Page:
November 02, 2006

The Pity of War: Jean-Yves Le Naour The Living Unknown Soldier

Anthelme Mangin was found in France in 1918, a veteran of the first World War, amnesiac and sufferer from what was then called daementia praecox. Mangin over the next twenty four years until his death in 1942 stayed within various mental asylums, being battled over by various groups of people who claimed to be his relatives. Le Naour's biography of Mangin is an incredibly interesting book which sums up a life filled with sadness and pathos- a life that in many ways stands for so many lives within that generation. Lives that were blighted not merely by the obvious effects of the war, deaths, injuries and scars, but by the psychological effects of war- by the hatred felt by men formerly soldiers for their families who had demanded that they serve for the sake of respectability, by the shreiks of men wakening to dreams of nightmare and perhaps more insidious by those who could not remember or became mad. In France many in that case later died when in 1940-4 the asylums were understaffed and undersupplied with food and neccessaries.

Le Naour understands this and as very little can be said about Mangin himself- he ceased to speak much in the 1920s or recognise people, fiddling with the buttons of people who came to see him but registering very little of the outside world. Getting inside the mind of a man who has lost the ability or wish to signify it to the outside world is beyond the capacity of most who meet him- let alone those who meet him through the fragments of the source record- records which only arose when the case reached particular noteriety, some of which even then have been lost in the administrative confusion of World War Two.

So Le Naour portrays not Mangin- but the way that society reacted to Mangin and particularly the way that those who beleived that he was their relative beleived sometimes to the exclusion of any rational thought that this was their father, brother, husband or son. Le Naour's portrait is designed to show us the desperation of the generation that fought in the first world war- his drawing is acute- Mangin once identified faded away but whilst he was anonymous he became a kind of monument to every man. Just as French men and women gathered at the Tomb of the Unknown Soldier saying this could be your son, this could be your husband- so families gathered around the unknown lunatic exclaiming the same thing.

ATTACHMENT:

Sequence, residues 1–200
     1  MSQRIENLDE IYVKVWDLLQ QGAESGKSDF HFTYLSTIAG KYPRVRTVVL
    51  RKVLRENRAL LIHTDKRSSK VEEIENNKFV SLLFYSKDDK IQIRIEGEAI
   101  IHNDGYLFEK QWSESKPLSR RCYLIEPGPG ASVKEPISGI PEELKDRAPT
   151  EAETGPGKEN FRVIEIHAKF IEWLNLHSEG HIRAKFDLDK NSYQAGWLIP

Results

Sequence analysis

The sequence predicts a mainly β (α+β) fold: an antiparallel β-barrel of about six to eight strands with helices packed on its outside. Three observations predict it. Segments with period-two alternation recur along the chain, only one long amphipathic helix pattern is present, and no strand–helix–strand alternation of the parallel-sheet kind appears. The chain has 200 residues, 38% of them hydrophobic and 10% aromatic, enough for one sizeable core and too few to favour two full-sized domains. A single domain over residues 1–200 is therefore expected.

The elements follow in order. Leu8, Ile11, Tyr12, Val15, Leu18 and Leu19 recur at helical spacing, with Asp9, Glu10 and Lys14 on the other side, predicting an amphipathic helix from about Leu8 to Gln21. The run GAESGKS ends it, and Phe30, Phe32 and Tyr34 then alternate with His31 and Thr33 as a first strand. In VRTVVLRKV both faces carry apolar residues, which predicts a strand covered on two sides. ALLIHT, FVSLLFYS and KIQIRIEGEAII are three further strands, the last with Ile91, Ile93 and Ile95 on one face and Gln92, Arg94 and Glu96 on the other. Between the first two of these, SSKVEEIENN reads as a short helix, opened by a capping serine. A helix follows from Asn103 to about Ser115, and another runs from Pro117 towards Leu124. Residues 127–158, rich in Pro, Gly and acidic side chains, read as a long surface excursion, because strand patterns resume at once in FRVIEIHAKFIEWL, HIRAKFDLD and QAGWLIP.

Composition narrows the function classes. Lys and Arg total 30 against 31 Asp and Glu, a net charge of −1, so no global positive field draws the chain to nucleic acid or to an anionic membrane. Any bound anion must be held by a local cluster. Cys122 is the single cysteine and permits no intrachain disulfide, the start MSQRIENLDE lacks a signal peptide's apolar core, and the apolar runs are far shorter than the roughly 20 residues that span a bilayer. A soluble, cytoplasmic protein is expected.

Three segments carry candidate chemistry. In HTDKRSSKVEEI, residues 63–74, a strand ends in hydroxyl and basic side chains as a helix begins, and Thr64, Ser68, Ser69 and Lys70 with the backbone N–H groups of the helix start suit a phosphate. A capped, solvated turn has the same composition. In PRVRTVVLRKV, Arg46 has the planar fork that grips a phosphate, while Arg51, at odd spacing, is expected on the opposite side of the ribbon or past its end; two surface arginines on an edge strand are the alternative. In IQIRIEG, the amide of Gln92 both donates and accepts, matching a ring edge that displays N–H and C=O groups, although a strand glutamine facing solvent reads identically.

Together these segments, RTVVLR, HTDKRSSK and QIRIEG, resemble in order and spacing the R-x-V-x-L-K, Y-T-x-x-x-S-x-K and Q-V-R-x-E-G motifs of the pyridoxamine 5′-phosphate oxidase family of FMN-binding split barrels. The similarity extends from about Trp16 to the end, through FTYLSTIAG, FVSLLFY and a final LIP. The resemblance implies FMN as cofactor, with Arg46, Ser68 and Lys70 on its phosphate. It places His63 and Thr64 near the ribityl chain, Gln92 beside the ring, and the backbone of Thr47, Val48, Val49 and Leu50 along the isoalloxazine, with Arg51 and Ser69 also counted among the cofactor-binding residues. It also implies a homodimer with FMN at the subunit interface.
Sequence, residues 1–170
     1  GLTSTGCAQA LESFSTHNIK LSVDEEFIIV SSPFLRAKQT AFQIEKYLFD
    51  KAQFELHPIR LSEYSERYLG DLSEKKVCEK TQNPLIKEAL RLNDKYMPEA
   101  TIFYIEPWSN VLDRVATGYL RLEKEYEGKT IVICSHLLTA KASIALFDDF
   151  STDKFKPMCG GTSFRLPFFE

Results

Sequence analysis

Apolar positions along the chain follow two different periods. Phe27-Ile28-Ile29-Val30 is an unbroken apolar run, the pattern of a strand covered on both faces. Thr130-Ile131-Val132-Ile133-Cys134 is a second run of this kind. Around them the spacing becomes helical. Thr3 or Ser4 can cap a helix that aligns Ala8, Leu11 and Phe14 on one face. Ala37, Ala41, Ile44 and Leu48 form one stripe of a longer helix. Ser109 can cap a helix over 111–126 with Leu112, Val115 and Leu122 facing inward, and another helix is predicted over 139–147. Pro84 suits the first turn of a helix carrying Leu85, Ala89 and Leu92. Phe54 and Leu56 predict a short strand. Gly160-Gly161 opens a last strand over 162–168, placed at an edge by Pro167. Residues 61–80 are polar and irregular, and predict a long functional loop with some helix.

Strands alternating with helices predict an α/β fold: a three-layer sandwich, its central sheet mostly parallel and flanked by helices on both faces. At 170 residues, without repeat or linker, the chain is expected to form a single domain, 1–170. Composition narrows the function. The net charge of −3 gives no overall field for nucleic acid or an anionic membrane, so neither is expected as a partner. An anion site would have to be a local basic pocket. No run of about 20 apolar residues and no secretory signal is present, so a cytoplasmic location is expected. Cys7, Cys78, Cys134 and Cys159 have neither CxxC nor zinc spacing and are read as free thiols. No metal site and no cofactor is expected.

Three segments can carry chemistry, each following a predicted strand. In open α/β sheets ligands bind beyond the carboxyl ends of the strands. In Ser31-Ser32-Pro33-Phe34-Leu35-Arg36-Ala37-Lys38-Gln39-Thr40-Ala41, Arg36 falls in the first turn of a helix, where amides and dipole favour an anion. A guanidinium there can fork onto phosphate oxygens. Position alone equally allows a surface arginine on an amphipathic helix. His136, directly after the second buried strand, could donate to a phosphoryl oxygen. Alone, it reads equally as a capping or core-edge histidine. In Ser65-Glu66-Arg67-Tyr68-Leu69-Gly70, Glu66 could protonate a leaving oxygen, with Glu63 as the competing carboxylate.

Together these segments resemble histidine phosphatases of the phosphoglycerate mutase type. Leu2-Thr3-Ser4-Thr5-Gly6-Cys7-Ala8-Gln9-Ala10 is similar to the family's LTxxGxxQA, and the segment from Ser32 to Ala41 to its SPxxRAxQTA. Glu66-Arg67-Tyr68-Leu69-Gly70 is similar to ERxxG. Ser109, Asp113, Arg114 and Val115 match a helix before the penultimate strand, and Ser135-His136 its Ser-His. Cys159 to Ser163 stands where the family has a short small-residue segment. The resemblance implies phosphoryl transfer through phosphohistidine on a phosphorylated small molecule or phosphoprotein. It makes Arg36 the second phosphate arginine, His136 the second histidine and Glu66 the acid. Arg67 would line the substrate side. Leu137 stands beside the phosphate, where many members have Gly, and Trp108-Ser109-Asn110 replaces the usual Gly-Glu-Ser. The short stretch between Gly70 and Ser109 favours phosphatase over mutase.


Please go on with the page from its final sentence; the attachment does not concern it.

Le Naour points both to the pathos and the self righteousness of a grief which seeks an object to greive over, pointing to a particular situation and particular time he illuminates the tragedy of war- the tragedy of lives ripped apart not by the obvious wounds made by gunshot, sword or bomb, but the hidden wounds made psychologically on the frame of both the soldiers and those linked to them- in short upon us all.

War whether now or a thousand years ago echoes through the minds of those effected for years and years- as Le Naour comments even now one family continues to plead that Mangin was misidentified and wants his corpse exhumed for genetic testing- despite the fact that the evidence from administrative records indicate that the Anthelme clearly wasn't who they think he is.

6 comments:

Nominous Maximus said...

You advertised a blog on the neocons but it seems to have disappeared - were you intimidated?

www.geocities.com/blairsnuts

Gracchi said...

Sorry about that its here I'll post this at your website as well, I thought I left this link up but obviously didn't so hope anyone else coming across gets this. Sorry bout that.

Political Umpire said...